- Griffin - our Leader; certainly takes deep moving early steps to get moving that causes folks to think he is slow, but once he does, he's Protocols Away from being pretty good!

- Medicine Raven - Me! Hi! I'm often Fast Enough to keep up, sometimes Fast Enough to overtake you, yet it's enough of a middle grond that I'm also nearly the best when "Sensitivity Matters".

- Shadow Crow - The Darkest of us all. And *Beyond Lightning* when his powers can hold intact. When you have to meet an Ancient God on His Own Terms, cajole him into discovering that for a brief moment in time he had ceased to exist, then roll it all back and become a Supplicant, that's our Crow. Tragically, though, that also tends to be as brief as Lighning, before a fatigue error threatens to ruin the follow through of the first surge of Sense of Wonder.

- Rhino - sometimes gazing at Midnight, but ... Heavily Grounded in the World, this is the Persona that tries to deal with the world, and when some of us started Working out that even a Phenomenal Phoenix began to struggle at the very end, this time we needed a Crew.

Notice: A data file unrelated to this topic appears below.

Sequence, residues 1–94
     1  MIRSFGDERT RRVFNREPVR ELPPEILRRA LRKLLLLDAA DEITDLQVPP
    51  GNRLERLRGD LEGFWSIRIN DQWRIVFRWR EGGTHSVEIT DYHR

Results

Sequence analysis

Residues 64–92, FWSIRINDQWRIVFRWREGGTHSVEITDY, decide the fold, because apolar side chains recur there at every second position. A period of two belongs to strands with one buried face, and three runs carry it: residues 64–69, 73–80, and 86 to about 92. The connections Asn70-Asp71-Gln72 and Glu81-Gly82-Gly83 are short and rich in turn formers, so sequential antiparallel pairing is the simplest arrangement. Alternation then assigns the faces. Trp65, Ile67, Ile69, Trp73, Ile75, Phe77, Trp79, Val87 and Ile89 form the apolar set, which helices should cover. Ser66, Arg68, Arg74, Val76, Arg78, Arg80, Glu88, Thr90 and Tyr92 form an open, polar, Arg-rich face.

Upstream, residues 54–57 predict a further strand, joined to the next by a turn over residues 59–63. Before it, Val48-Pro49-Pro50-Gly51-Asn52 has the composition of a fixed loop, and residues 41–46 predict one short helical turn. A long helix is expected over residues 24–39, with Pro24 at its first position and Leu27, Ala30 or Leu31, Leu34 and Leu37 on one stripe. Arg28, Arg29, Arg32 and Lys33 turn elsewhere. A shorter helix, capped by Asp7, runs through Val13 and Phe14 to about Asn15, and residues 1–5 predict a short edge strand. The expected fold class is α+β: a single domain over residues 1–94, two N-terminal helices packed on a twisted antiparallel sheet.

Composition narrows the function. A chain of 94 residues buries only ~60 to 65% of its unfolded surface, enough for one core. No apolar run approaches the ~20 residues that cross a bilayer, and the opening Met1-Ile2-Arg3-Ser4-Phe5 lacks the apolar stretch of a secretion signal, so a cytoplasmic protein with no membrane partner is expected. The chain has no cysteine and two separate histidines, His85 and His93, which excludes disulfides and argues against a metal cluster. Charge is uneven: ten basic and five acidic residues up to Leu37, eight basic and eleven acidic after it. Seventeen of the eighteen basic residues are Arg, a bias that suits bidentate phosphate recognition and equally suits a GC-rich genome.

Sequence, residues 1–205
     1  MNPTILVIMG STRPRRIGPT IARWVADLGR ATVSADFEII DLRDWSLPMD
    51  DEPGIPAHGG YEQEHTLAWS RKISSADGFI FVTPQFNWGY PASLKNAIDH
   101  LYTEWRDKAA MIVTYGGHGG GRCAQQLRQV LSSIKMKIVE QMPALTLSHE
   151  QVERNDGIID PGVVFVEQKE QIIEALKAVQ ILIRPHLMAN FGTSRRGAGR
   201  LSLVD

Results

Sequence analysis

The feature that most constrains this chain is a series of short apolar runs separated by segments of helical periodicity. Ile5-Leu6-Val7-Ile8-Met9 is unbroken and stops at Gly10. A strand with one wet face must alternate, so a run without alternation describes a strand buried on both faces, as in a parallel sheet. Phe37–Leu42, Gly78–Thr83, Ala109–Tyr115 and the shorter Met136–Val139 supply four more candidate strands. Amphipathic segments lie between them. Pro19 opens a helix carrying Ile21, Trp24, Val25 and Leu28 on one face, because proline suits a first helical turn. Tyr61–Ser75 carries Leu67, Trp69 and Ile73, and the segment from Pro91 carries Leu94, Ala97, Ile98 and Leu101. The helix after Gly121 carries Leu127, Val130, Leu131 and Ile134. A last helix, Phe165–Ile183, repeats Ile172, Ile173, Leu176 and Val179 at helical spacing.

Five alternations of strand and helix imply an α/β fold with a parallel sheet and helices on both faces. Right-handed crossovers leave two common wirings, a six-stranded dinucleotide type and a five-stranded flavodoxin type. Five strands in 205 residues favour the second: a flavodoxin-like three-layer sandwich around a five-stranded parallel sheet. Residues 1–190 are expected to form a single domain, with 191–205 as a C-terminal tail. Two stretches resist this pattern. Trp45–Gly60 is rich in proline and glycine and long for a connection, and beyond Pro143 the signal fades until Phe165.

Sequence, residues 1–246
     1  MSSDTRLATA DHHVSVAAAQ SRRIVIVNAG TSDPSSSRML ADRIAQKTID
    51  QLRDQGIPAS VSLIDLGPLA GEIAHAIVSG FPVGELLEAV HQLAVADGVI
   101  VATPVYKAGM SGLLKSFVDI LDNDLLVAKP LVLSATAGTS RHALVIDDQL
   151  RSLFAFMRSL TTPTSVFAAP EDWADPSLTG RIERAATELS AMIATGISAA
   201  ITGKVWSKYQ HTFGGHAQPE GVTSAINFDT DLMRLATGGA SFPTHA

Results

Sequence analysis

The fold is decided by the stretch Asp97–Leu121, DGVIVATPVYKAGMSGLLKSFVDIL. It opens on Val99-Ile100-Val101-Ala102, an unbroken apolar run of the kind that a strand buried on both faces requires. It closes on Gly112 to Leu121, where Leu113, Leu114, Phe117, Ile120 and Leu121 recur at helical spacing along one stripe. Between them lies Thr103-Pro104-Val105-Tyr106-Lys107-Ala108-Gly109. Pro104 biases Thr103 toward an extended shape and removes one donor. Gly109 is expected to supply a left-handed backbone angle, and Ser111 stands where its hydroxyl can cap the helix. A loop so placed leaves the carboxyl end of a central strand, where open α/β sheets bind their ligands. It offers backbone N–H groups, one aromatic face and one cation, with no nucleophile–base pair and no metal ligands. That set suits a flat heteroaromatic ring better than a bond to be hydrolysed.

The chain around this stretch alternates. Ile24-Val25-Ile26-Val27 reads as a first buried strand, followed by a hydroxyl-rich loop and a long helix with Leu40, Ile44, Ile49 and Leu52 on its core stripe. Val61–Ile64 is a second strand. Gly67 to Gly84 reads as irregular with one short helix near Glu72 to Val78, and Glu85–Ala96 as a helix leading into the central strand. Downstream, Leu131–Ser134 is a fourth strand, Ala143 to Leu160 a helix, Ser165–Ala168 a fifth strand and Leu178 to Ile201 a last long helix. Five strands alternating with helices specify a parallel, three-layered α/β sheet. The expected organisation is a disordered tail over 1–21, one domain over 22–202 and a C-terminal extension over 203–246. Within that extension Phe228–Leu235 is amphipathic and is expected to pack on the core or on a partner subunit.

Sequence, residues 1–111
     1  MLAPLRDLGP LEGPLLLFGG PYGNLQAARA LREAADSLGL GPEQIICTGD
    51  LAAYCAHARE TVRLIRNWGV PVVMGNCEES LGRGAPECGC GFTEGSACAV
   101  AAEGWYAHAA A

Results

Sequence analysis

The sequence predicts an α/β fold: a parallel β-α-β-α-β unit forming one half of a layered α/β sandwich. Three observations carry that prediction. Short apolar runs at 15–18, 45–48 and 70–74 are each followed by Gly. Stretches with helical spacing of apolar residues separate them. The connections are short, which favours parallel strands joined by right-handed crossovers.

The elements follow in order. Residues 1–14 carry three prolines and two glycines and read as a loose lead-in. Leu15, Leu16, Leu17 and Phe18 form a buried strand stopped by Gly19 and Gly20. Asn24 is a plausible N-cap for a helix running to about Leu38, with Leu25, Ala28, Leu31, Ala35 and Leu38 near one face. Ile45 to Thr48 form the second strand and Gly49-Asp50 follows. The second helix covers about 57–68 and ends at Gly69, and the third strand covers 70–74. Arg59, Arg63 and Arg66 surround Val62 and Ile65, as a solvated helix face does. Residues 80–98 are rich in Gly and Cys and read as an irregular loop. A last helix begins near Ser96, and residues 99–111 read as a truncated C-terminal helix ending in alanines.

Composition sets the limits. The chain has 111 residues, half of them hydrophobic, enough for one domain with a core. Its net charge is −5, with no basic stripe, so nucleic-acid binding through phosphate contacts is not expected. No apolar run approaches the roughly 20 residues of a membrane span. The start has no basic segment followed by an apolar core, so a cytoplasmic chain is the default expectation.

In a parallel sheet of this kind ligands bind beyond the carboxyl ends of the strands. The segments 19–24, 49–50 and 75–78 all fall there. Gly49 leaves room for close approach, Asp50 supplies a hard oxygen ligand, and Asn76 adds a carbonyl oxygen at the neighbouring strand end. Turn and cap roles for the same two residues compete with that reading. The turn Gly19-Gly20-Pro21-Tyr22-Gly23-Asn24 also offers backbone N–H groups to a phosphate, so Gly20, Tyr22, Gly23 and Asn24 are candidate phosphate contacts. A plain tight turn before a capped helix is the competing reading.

And a Wellness Cat. She's just a Cat, but sometimes she gets us to do some of the dishes, water the cactus, and helps with the footnotes to our Grand Experiments.

But it's a Finite Crew. It must be. Via our other call name, "the Research Blackbirds", "someone" pinted out it loses inertia if we try to micro-manage exactly who finds, what, so it's usually the two of us in the Library Stacks, and anyone else can "pass notes around" as all of us go along.

(Rhino started making this a Signature form of humor lately. The way the system works, one or two of us has Lead Speaker dutirs, but then you just KNOW Someone Sent a Note, and if the joke lands, it's hilarous!)